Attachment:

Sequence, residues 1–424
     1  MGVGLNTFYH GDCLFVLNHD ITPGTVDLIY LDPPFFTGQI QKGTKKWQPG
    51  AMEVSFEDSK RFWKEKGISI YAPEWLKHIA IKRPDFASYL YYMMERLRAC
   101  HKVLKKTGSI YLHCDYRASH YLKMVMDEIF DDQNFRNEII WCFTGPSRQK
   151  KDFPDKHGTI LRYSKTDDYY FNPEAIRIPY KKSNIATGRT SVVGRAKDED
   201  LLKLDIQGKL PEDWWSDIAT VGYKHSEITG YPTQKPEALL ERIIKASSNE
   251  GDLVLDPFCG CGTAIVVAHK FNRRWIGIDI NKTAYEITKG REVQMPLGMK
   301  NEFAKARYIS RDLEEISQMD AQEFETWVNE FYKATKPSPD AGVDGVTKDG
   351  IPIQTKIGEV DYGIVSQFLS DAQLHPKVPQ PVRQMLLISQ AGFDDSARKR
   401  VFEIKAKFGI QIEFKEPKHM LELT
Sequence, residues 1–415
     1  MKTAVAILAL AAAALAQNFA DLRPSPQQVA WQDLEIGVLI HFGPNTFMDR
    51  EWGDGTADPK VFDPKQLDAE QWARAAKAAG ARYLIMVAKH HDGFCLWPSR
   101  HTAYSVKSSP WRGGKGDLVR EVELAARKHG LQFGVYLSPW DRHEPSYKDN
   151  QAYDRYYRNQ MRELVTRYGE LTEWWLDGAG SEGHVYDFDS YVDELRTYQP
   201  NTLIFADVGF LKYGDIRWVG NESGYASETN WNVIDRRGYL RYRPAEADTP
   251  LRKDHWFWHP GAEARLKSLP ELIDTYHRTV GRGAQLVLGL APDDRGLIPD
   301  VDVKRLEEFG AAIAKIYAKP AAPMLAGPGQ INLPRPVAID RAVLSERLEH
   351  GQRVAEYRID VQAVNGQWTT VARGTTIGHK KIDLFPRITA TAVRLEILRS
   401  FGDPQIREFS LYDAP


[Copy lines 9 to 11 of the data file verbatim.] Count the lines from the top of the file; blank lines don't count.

   351  IPIQTKIGEV DYGIVSQFLS DAQLHPKVPQ PVRQMLLISQ AGFDDSARKR
   401  VFEIKAKFGI QIEFKEPKHM LELT
Sequence, residues 1–415